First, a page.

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Pacific Union College Builds to the Future

By Brydon Marks on December 18, 2007

In the summer of 1982, bulldozers advanced on Old Irwin Hall, the signature building on the campus of Pacific Union College. The building—whose construction began in 1912—housed the chapel, administration offices, and classrooms that were the heart of college activities for several succeeding generations. Though beloved, the edifice was declared structurally unsound. It was condemned to demolition. When the wrecking crews finally withdrew, only a clean-swept garden lawn remained at the head of the campus mall. Today, nearly 20 years later, PUC has begun raising the funds required to build a new library on the site of Old Irwin Hall—a library that will not only provide a needed facility, but that will socially and visually resurrect a treasured campus icon. PUC is asking its constituents to prayerfully consider helping with this project as the college rises to the challenges of education in the 21st century. Though incorporating the best elements of contemporary architectural design, the new library will carry a look reminiscent of Old Irwin Hall—a look featured most prominently in a campanile, modeled after the distinguished face that looked across PUC’s campus for 70 years. The new library is also expected to become a center of student life, containing...

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PUC Opens Napa Valley Community Resource Center

By Brydon Marks on November 14, 2007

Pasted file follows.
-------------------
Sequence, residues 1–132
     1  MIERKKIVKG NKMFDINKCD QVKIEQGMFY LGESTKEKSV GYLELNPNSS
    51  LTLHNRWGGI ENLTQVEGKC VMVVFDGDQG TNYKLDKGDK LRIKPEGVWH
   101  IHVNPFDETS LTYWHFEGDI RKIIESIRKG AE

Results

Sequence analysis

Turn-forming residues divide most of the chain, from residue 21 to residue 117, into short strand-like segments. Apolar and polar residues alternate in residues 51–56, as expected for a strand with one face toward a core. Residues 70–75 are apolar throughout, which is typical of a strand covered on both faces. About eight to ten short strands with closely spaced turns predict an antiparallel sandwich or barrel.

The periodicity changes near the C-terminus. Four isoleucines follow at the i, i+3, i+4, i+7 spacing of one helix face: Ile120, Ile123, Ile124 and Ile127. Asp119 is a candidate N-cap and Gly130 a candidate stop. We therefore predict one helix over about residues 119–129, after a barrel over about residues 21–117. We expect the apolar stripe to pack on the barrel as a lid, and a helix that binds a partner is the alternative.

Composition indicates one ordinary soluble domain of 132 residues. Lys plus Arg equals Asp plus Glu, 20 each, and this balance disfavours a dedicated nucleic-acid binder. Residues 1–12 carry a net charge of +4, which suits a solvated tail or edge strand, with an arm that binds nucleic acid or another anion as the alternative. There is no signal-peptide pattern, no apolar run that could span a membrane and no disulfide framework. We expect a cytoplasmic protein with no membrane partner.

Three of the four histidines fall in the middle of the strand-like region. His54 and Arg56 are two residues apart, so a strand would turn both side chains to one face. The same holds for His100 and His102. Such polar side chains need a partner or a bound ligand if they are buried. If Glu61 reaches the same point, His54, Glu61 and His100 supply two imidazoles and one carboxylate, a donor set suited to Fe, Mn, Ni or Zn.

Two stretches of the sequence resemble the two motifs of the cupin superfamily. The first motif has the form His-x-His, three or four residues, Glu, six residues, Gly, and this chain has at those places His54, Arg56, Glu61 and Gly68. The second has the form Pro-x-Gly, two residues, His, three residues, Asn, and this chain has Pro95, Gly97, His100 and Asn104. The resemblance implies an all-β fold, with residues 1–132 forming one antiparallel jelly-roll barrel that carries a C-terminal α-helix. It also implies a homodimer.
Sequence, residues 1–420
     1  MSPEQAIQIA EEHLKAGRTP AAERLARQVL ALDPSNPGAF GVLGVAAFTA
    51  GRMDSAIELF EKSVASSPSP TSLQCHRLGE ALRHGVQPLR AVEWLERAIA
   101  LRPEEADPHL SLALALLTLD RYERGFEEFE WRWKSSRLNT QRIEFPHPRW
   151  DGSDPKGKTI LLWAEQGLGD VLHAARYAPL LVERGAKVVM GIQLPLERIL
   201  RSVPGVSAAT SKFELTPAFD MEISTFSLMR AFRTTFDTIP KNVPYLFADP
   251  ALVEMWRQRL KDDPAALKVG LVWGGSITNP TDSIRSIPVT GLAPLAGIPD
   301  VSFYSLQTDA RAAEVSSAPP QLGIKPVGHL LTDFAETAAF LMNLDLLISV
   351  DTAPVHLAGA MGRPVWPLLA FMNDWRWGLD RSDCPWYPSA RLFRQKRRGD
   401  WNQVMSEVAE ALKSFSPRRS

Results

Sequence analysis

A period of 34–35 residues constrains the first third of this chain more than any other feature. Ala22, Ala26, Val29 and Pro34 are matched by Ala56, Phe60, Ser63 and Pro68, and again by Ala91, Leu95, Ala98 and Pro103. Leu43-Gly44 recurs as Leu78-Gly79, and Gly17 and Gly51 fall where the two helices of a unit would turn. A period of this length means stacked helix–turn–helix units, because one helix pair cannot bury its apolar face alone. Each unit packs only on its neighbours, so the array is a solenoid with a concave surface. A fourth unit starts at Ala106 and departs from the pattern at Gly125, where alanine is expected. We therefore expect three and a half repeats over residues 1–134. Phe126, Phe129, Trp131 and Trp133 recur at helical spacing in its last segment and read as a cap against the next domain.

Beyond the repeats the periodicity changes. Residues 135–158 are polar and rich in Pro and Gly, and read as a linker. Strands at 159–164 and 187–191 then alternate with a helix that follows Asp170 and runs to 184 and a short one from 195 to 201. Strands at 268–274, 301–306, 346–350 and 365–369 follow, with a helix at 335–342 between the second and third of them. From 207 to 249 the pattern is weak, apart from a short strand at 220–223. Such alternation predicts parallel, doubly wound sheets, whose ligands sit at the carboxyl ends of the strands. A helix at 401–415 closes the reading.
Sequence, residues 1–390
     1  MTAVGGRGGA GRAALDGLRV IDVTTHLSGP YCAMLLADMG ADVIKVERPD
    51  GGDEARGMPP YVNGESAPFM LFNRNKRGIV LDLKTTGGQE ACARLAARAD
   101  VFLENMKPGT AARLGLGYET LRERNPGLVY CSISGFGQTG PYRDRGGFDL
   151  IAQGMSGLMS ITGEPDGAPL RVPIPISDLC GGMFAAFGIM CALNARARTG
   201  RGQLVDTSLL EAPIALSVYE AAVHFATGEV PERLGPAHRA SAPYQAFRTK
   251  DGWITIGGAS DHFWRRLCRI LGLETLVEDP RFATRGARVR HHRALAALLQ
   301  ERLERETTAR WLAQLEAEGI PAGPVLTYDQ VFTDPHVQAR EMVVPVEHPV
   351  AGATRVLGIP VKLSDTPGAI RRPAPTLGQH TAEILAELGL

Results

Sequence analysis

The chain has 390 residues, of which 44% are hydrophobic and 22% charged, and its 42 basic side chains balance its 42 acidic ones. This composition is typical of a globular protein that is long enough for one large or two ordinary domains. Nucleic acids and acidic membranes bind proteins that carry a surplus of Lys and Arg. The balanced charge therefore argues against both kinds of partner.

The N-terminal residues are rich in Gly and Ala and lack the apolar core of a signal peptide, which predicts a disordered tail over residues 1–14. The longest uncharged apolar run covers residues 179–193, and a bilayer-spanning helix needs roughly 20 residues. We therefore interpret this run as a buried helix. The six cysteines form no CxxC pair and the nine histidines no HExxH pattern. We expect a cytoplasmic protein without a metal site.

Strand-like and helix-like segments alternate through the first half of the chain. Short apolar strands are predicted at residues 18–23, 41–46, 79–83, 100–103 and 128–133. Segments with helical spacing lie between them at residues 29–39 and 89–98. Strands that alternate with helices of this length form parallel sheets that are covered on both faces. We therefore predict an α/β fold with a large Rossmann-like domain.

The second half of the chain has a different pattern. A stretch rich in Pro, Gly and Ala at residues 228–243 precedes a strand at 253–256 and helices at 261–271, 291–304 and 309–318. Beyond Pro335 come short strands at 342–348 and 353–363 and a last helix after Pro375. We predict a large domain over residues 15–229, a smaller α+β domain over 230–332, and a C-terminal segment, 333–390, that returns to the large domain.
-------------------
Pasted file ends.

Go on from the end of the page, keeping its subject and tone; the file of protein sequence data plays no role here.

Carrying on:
Pacific Union College announces the grand opening of the Napa Valley Community Resource Center, a facility for educational resources located at 25 Executive Court, Napa, near the intersection of Highways 12 and 29. The center will provide educational opportunities for Napa and the surrounding communities, including teacher credentialing and adult education programs. The center, first proposed in 1996, is funded in part by a grant adminestered by the U.S. Department of Housing and Urban Development. It was made possible by the help of many members of congress including Congressman Mike Thompson. The resource center is already used nightly by PUC's degree completion program. It houses six groups of adult students who are completing degrees in business management or early childhood education. They have used classrooms in the building since the beginning of March. PUC is also working with the California Commission on Teacher Credentialing to supply credentialing programs for Napa area teachers. Beginning in the fall, the resource center will be a central site, providing course-work, classroom supervision, mentoring, and other more-more -more training necessary to equip community teachers-many of whom have been hired on an emergency basis-with the full credentials required by the state. The Napa Valley Resource Center...